Jones, Thomas B. (The University of New Mexico) | Darling, Michael C. (Sandia National Labs and The University of New Mexico) | Groth, Katrina M. (Sandia National Labs) | Denman, Matthew R. (Sandia National Labs) | Luger, George F. (The University Of New Mexico)
When a severe nuclear power plant accident occurs, plant operators rely on Severe Accident Management Guidelines (SAMGs). However, current SAMGs are limited in scope and depth. The plant operators must work to mitigate the accident with limited experience and guidance for the situation. The SMART (Safely Managing Accidental Reactor Transients) procedures framework aims to fill the need for detailed guidance by creating a comprehensive probabilistic model, using a Dynamic Bayesian Network, to aid in the diagnosis of the reactor’s state. In this paper, we explore the viability of the proposed SMART proceedures approach by building a prototype Bayesian network that allows for the diagnosis of two types of accidents based on a comprehensive data set. We use Kullback-Leibler (K-L) divergence to gauge the relative importance of each of the plant’s parameters. We compare accuracy and F-score measures across four different Bayesian networks: a baseline network that ignores observation variables, a network that ignores data from the observation variable with the highest K-L score, a network that ignores data from the variable with the lowest K-L score, and finally a network that includes all observation variable data. We conclude with an interpretation of these results for SMART procedures.
We present a new statistical model for predicting discrete events continuously in time, called Reactive Point Processes (RPP’s). RPP’s are a natural fit for many domains where time-series data are available, and their development was motivated by the important problem of predicting serious events (fires, explosions, power failures) in the underground electrical grid of New York City. RPP’s capture several important properties of this domain such as self-exciting and self-regulating properties as well as the diminishing returns of many events or inspections in a row.
Additive asynchronous and cyclostationary impulsive noise limits communication performance in OFDM powerline communication (PLC) systems. Conventional OFDM receivers assume additive white Gaussian noise and hence experience degradation in communication performance in impulsive noise. Alternate designs assume a parametric statistical model of impulsive noise and use the model parameters in mitigating impulsive noise. These receivers require overhead in training and parameter estimation, and degrade due to model and parameter mismatch, especially in highly dynamic environments. In this paper, we model impulsive noise as a sparse vector in the time domain without any other assumptions, and apply sparse Bayesian learning methods for estimation and mitigation without training. We propose three iterative algorithms with different complexity vs. performance trade-offs: (1) we utilize the noise projection onto null and pilot tones to estimate and subtract the noise impulses; (2) we add the information in the data tones to perform joint noise estimation and OFDM detection; (3) we embed our algorithm into a decision feedback structure to further enhance the performance of coded systems. When compared to conventional OFDM PLC receivers, the proposed receivers achieve SNR gains of up to 9 dB in coded and 10 dB in uncoded systems in the presence of impulsive noise.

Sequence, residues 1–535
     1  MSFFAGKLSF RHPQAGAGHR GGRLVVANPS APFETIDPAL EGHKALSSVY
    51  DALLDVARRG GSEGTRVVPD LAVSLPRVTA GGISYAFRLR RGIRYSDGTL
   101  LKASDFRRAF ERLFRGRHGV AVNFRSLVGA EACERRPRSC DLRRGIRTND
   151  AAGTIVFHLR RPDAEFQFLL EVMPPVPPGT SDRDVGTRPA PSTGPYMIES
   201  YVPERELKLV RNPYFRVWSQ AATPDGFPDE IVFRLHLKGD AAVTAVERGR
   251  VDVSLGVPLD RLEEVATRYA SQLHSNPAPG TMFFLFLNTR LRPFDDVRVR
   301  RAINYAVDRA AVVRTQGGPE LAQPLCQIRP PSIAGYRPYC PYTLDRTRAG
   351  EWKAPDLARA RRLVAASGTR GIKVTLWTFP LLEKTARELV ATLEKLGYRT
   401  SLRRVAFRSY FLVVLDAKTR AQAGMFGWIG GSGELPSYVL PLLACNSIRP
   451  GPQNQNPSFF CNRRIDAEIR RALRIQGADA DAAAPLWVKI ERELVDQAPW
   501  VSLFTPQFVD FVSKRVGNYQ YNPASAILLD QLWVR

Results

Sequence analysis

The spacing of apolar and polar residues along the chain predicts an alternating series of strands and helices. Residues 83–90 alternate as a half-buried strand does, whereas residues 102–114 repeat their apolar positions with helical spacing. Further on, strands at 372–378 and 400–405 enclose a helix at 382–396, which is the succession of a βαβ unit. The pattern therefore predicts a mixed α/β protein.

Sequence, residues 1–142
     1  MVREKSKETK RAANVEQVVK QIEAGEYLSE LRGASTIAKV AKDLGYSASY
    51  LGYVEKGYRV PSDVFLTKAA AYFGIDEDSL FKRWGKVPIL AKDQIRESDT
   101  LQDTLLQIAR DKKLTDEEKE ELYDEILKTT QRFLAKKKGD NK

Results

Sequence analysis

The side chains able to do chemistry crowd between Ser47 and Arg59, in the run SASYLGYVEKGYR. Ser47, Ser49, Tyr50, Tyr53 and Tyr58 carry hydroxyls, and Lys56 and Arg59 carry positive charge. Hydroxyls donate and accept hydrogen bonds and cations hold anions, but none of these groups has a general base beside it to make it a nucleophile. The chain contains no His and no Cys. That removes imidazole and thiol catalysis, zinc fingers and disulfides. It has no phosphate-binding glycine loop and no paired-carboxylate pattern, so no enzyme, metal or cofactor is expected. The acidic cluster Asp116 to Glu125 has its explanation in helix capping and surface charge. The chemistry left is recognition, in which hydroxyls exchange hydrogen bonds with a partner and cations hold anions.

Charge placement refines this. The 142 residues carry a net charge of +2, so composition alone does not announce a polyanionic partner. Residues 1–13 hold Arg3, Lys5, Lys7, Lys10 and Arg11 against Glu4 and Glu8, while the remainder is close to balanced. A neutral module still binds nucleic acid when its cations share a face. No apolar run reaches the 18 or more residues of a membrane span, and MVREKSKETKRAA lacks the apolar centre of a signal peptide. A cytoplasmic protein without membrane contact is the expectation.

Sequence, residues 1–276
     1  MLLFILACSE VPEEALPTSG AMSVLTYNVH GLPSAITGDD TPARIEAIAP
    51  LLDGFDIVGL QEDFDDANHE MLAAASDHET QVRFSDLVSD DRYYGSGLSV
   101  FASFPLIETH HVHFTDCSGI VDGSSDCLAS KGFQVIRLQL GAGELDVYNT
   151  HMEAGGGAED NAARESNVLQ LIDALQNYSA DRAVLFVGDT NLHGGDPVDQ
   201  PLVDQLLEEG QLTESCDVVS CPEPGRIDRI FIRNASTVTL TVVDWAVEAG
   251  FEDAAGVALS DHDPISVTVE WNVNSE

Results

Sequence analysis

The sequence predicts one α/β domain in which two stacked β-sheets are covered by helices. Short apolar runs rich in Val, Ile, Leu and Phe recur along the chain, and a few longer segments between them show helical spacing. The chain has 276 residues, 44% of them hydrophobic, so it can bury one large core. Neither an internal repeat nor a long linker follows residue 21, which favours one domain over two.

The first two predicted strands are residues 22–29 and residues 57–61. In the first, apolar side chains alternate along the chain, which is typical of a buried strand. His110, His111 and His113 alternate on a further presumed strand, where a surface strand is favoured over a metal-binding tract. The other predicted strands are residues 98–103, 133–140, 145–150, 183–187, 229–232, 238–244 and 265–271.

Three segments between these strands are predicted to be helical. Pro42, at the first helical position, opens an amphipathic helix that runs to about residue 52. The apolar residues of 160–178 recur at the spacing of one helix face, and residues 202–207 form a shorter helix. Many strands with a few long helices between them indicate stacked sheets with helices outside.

Change detection involves segmenting sequential data such that observations in the same segment share some desired properties. Multivariate change detection continues to be a challenging problem due to the variety of ways change points can be correlated across channels and the potentially poor signal-to-noise ratio on individual channels. In this paper, we are interested in locating additive outliers (AO) and level shifts (LS) in the unsupervised setting. We propose ABACUS, Automatic BAyesian Changepoints Under Sparsity, a Bayesian source separation technique to recover latent signals while also detecting changes in model parameters. Multi-level sparsity achieves both dimension reduction and modeling of signal changes. We show ABACUS has competitive or superior performance in simulation studies against state-of-the-art change detection methods and established latent variable models. We also illustrate ABACUS on two real application, modeling genomic profiles and analyzing household electricity consumption.
In many applications, observed data are influenced by some combination of latent causes. For example, suppose sensors are placed inside a building to record responses such as temperature, humidity, power consumption and noise levels. These random, observed responses are typically affected by many unobserved, latent factors (or features) within the building such as the number of individuals, the turning on and off of electrical devices, power surges, etc. These latent factors are usually present for a contiguous period of time before disappearing; further, multiple factors could be present at a time. This paper develops new probabilistic methodology and inference methods for random object generation influenced by latent features exhibiting temporal persistence. Every datum is associated with subsets of a potentially infinite number of hidden, persistent features that account for temporal dynamics in an observation. The ensuing class of dynamic models constructed by adapting the Indian Buffet Process --- a probability measure on the space of random, unbounded binary matrices --- finds use in a variety of applications arising in operations, signal processing, biomedicine, marketing, image analysis, etc. Illustrations using synthetic and real data are provided.